Speaking with Time magazine, Kazan recalled her first week of college at Yale University in September 2001. She gave an interview to a reporter for the Yale Daily News, after 9/11, which was supposed to be about life as a college student during a national crisis. Instead, the reporter only spotlighted her for her famous family.
Kazan was crushed. Since then, she has become a successful actress-turned-screenwriter in her own right. She played Leonardo DiCaprio’s mistress in Revolutionary Road, wrote and starred in 2012’s Ruby Sparks and will appear in the HBO miniseries Olive Kitteridge, set to air Nov. 2 and 3.
“I’ve always felt like the underdog.”
In the 10 years since Mean Girls became a cultural phenomenon, Lizzy Caplan has graduated from the heavily made-up, snarky Janis Ian to the star of Showtime’s Masters of Sex.
During an August 2014 interview with Rolling Stone, Caplan recalled feeling completely out of place at a 2012 meeting with the creators of Masters of Sex and Showtime executives. Michael Sheen, who plays Caplan’s costar, is a classically trained Welsh actor. He regaled the room with stories about playing Jesus and had everyone “eating out of the palm of his hand,” Caplan said. She went back to her car and cried.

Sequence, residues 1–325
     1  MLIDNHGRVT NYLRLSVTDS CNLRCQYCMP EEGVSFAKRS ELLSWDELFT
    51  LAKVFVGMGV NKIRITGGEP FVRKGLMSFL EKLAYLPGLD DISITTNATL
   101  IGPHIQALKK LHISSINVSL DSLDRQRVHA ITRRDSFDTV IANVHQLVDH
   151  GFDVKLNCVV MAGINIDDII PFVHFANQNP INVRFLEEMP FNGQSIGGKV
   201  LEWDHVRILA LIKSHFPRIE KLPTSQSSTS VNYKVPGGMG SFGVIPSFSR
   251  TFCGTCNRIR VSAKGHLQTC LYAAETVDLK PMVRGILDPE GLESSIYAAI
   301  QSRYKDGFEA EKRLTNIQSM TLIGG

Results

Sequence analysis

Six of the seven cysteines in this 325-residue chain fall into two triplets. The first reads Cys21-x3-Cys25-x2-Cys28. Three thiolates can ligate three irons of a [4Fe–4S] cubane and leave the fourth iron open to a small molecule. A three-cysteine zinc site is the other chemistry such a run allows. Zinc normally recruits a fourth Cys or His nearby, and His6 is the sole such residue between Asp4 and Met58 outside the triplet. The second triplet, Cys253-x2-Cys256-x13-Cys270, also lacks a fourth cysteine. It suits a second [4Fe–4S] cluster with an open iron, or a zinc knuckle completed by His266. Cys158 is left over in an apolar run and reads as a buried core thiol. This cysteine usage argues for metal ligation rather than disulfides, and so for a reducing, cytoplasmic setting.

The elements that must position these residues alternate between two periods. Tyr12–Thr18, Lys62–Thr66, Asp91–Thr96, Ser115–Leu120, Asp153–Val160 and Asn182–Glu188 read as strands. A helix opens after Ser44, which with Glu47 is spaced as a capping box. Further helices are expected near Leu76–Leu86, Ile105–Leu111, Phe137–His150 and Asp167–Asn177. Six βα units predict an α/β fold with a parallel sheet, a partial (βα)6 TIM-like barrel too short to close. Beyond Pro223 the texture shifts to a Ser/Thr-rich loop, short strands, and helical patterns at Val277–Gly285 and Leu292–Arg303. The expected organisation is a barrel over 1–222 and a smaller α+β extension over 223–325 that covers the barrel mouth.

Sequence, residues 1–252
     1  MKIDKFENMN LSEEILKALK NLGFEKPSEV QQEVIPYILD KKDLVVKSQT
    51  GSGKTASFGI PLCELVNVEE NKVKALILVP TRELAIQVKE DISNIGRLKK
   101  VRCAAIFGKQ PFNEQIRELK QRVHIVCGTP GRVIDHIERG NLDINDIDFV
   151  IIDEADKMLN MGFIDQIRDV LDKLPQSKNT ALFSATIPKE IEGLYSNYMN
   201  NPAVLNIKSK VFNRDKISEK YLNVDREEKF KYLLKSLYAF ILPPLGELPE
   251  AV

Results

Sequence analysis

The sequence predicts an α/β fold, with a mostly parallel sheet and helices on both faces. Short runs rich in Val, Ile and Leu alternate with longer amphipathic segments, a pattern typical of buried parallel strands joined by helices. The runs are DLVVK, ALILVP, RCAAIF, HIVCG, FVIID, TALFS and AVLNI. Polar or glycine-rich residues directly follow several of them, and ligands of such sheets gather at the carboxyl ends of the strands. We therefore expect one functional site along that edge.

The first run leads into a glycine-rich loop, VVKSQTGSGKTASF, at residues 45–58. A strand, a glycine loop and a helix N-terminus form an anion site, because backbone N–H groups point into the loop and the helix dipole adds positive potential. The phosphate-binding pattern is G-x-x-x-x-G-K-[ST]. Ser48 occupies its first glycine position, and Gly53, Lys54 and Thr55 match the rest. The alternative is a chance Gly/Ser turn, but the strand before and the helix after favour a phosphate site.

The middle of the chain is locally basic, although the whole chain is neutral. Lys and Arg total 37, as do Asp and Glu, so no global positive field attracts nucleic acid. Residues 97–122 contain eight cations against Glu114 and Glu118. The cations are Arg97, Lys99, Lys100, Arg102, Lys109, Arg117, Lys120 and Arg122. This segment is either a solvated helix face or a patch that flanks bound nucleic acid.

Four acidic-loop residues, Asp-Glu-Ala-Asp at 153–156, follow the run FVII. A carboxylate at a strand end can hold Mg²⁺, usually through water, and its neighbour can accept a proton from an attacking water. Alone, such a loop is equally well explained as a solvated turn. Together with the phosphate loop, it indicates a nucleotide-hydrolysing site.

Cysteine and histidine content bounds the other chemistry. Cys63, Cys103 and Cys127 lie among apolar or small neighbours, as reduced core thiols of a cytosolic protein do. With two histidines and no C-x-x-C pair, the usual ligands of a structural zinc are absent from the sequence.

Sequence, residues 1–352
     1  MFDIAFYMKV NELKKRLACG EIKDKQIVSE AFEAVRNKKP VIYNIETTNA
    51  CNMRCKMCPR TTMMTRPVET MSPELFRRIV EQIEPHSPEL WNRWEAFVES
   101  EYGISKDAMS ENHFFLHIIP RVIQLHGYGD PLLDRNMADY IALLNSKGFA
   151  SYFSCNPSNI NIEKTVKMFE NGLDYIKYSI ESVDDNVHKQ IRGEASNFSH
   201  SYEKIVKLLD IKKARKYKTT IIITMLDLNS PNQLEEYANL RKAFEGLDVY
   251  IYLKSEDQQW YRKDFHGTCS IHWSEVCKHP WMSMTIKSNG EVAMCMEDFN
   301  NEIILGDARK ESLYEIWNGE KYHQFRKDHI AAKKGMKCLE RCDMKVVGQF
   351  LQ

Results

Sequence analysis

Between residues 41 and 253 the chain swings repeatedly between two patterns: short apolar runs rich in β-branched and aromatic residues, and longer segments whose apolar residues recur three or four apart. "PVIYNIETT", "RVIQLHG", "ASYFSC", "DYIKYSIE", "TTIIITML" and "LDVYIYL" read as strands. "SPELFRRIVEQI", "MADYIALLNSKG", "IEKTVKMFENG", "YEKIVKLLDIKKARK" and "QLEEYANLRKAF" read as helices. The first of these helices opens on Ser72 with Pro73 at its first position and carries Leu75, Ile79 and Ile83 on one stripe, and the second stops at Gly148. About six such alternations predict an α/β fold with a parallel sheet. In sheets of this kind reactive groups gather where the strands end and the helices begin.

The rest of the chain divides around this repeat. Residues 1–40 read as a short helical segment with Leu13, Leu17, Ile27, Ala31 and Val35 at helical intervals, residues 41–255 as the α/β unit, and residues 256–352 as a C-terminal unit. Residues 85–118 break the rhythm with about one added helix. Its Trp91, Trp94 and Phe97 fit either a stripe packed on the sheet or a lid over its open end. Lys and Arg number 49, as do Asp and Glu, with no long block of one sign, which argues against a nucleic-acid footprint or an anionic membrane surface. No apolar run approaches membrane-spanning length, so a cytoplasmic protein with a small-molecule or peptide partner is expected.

Now, Masters of Sex is in its second season and Caplan has been nominated for an Emmy for best actress.
“I’d like to make projects that have some lasting effect. I think you can tell a story and help people understand what it is to be human.”
In Dear White People, a film in theaters now that takes a bold look at race and identity, Tessa Thompson plays Sam White, the biracial protagonist and host of a campus radio show at a predominantly white university.
In an interview with Vogue, Thompson said she identifies with her character in more ways than one. Her freshman year at a diverse but still somewhat segregated high school, Thompson recalled not knowing where to sit to eat lunch. She said she didn’t know where she fit in at a school that put people in a box.
Next, Thompson will play civil rights activist Diane Nash alongside Common and Oprah in the biopic Selma.
She knows where she fits in now.
This story is a collaboration between Mic's branded content team and Cole Haan; it was not written or created by Mic's editorial staff. To learn more, visit our Branded Content FAQS page.